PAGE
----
1453 CEST - 92km to go - 5'30" is the gap between the peloton and the two breakaways. 1000m to go to the day's second sprint in Pontivy; is Chavanel going to pop around Voeckler as he did for the first one? The results of the intermediate sprint at Pontivy (74km): 1 Chavanel, 2 Voeckler, 3 Gilbert. The gap has fallen to just 4'15" now. Three FDJ riders attacked the front and led out green jersey wearer Gilbert, who took the max points holding off Hushovd and Hunter. I must confess to liking the Green Jersey this year, it is a new shade of Green easier to pick out in the crowd.

82km to go - 4'01" is the pack's deficit, they've gobbled up 90 seconds in about ten kilometres. We're heading into the stage's last two hours now. The wind is having a bigger effect on the exertions for Chavanel and Voeckler; it's in their faces, whipping up to 25km/h. Unsurprisingly, the bunch had power through it with more speed and saving more energy. 79 km to go and the gap drops to under 4 minutes.

77 km to go. With the direction of the stage, this wind will be present for the majority of the route from hereon in. The skies on the horizon look dark and grim as Voekler and Chavanel continue there duel with the peloton as the gap falls to 3:38. Are we due for some rain as we near Saint Brieuc?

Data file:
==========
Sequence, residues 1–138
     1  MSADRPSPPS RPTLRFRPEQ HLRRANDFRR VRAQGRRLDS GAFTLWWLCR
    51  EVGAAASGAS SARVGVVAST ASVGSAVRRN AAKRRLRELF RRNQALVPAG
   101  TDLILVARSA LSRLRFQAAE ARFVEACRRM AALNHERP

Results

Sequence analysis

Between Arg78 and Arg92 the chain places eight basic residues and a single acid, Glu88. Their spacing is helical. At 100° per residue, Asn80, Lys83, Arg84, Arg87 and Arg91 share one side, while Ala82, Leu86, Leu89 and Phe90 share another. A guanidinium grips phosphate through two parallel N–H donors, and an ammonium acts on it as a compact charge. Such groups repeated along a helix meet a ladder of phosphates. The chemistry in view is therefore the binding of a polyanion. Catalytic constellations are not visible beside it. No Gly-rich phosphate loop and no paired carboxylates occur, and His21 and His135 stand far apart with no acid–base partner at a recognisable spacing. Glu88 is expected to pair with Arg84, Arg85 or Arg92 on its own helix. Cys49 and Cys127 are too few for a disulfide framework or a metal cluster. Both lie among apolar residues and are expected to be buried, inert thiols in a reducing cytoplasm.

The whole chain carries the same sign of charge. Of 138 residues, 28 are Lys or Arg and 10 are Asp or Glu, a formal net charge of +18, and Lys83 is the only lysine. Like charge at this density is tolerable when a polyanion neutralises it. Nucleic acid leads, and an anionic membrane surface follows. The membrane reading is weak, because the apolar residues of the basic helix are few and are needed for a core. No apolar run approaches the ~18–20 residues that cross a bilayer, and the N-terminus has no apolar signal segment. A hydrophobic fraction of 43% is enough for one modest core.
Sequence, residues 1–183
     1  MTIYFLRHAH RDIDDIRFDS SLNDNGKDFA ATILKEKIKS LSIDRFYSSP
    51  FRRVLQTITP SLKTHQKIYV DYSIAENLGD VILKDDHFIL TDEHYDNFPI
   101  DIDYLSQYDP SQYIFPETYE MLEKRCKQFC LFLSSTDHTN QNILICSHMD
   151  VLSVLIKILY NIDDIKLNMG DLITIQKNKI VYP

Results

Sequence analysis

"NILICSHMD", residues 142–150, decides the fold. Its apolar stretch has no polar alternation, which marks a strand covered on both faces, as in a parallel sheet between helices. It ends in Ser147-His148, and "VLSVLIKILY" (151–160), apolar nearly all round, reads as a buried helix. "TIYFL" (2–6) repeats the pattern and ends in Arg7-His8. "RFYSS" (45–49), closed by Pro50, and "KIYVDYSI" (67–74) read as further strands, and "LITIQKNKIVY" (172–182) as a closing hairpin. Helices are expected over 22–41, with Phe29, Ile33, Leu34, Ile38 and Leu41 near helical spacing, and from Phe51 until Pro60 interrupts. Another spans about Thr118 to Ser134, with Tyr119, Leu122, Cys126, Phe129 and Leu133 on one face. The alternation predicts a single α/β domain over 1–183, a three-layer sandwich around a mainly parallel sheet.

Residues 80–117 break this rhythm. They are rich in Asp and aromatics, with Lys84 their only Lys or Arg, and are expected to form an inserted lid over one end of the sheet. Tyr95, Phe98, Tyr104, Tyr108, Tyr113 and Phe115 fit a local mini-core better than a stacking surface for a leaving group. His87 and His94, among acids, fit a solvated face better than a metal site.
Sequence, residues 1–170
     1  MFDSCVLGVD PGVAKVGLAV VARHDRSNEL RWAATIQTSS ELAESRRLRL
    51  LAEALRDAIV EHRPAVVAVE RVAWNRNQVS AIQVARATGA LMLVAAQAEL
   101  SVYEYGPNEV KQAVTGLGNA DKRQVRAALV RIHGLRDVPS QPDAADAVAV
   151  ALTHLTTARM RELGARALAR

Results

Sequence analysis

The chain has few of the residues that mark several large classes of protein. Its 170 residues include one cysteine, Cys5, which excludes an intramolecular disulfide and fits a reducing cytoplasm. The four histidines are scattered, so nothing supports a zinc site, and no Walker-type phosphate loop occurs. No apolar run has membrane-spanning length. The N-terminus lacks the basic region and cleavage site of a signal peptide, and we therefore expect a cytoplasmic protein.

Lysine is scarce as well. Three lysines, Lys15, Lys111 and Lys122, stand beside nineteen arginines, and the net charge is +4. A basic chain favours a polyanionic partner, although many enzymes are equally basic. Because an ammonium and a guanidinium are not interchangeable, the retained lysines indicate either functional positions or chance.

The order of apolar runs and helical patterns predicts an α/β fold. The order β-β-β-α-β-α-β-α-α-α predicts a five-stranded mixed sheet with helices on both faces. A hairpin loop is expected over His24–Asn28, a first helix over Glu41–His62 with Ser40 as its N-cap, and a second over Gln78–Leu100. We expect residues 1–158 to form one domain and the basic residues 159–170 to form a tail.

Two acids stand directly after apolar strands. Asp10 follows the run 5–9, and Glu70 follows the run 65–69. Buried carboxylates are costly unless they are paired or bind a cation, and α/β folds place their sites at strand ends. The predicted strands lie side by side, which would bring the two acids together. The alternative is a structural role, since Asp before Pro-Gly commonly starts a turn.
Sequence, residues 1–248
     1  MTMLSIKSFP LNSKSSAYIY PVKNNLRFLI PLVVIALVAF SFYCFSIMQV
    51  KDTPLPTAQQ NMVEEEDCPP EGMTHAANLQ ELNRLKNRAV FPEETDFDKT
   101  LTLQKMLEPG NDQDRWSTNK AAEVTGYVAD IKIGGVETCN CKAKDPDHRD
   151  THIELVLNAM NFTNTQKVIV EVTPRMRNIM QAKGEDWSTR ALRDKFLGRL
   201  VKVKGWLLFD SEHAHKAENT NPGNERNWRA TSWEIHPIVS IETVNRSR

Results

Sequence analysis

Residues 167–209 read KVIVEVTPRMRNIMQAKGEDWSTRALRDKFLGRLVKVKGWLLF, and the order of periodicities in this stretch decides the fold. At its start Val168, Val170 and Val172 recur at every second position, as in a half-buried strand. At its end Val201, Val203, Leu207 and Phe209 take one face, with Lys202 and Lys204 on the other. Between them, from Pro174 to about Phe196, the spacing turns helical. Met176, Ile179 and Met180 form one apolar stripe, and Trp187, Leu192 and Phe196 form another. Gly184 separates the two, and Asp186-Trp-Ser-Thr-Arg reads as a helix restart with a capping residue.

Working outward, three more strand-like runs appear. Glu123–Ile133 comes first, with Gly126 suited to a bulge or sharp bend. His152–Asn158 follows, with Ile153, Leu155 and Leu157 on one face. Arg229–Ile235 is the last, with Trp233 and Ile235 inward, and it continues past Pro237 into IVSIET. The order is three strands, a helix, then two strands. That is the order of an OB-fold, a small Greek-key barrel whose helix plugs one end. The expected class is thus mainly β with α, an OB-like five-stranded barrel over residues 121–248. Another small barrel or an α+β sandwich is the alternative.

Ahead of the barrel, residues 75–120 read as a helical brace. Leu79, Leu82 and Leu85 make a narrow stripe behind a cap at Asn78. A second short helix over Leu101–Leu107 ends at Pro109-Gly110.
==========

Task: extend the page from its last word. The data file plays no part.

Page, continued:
Crash! Jalabert has crashed in the Feedzone. Nicolas Jalabert (Agritubel) is the victim of a bad-musette take from Andy Schleck. Either the soigneur's fault or Schleck's, the musette wasn't let go of immediately and Schleck got a bit caught on it. He slowed, the contents spilled on the road, but importantly his slowing meant Jalabert's front wheel was taken out. Nobody else fell though. Two crashes in two days in the Feed Zone; it's one of the most dangerous places along the route.

For Voeckler and Chavanel, it's the first Cat 3 climb of the race - the Mur de Bretagne. Straight up and steep near the top, there will be thousands of Breton fans lining the route. It's a real landmark in Breton cycling. This climb is known as the 'Wall of Brittany' Suddenly it looks like an Alpine climb, with crowds packed two or three deep towards the top. 600m to the top for the pair. And the first raindrops fall on the French parade.

Well, as the rains pours down, Chavanel interestingly crests the climb ahead of Voeckler to take maximum points. No rain yet at the finish in St-Brieuc.

70.3km - the Peloton reach the top of the climb, led by Christophe Moreau (Agritubel). They are 2'54" behind the leaders

Our live coverage continues Stage 2 Live Part 2